But I never reckoned people would actually create a kerfluffle as big as this Argentine one. Money is no longer fully fungible: Despite their face values, these four pesos are worth more than those four pesos, because of the form they're in. Holy Toledo, what a disaster. Now I'm getting the impulse to lay off my high-falutin' edjumacation and go learn a craft that makes a barterable product, possibly by hand.
posted by eritain at 6:01 PM on December 3, 2008


And then I think back to before this, when I had to spend a day each week making artful purchases to transform ATM twenties into a suitable quantity of laundry quarters.

Exactly what I was thinking. There were times in college when I would have gladly traded 3 quarters for a dollar to get some laundry done.
posted by Rock Steady at 7:14 PM on December 3, 2008


I remember in Canada when Royal Bank was the preferred ATM because they offered cash in five dollar bills (this was long before service charges were an issue). Now there are ATMs which unilaterally provide $50 bills if you take out $100, $120 or $140, which leaves you in the same situation as Argentinians, since most convenience stores or diners will refuse $50 bills unless you're buying $30 or more.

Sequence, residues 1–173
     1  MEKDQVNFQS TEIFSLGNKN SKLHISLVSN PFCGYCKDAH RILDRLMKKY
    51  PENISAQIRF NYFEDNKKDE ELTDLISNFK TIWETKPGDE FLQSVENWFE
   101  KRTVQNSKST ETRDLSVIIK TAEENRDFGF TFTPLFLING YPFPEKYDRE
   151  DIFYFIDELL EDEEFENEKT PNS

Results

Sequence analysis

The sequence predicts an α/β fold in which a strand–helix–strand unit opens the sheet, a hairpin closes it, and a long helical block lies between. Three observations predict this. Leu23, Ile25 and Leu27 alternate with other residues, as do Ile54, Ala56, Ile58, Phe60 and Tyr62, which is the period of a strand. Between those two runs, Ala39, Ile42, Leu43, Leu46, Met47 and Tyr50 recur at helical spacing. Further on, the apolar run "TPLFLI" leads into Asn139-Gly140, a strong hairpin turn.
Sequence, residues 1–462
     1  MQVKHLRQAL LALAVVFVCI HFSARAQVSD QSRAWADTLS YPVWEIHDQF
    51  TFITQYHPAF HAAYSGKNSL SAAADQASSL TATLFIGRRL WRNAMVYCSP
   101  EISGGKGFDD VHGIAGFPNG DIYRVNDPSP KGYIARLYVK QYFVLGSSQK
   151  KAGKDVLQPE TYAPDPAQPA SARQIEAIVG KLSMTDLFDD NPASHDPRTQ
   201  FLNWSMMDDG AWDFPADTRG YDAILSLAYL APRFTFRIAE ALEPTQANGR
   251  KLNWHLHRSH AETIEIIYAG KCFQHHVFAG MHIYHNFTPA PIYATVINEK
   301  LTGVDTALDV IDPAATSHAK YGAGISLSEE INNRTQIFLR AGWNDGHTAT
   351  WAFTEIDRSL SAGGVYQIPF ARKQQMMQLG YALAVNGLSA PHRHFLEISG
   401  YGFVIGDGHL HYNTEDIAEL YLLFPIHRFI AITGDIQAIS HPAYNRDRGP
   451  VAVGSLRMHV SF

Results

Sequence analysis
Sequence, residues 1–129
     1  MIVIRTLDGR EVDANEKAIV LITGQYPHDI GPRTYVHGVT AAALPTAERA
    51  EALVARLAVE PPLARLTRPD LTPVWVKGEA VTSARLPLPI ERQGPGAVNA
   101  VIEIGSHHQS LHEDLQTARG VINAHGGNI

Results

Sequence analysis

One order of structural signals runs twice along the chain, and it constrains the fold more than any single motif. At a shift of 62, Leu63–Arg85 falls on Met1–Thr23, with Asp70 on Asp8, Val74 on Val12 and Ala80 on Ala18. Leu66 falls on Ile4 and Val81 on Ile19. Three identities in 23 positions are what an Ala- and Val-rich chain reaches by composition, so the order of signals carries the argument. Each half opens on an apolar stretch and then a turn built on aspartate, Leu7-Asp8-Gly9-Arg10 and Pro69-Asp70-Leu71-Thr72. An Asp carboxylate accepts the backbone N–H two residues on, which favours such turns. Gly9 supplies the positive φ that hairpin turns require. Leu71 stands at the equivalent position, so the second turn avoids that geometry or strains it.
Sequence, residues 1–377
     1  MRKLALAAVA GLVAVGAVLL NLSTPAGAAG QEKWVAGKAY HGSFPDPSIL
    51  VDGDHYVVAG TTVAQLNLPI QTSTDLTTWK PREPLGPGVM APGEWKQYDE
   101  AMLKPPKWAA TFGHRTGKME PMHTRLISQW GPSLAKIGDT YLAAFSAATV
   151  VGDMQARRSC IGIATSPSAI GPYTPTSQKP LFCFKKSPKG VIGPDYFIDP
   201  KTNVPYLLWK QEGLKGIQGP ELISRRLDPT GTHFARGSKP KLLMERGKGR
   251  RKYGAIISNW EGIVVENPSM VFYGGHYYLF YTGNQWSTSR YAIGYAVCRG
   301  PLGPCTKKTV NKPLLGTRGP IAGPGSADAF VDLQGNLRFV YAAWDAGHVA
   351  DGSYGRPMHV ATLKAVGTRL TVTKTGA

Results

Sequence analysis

/me also buys rolls of quarters and loonies, and keeps a separate change jar for laundry money.
posted by furtive at 8:24 PM on December 3, 2008


I'm surprised that no one has started minting slugs there. Or even cheaper "tokens" made of tin that local merchants could take from locals. If you set up a regime where, say, 100 of them would be redeemable at a government center for some sort of prize or goods worth 100 pesos, you could probably weather the crisis handily.
posted by klangklangston at 10:38 AM on December 4, 2008


There is a pennies from heaven joke in here somewhere, but damned if I can find it.
posted by The Whelk at 3:49 PM on December 4, 2008


I remember as a kid reading a Hardy Boys novel where there was an Old Man Withers type villain who was minting counterfeit dimes that he changed out for legit cash money at banks, under the guise of being a like circus vendor who charged the kids a dime a go.
posted by cortex at 10:17 PM on December 4, 2008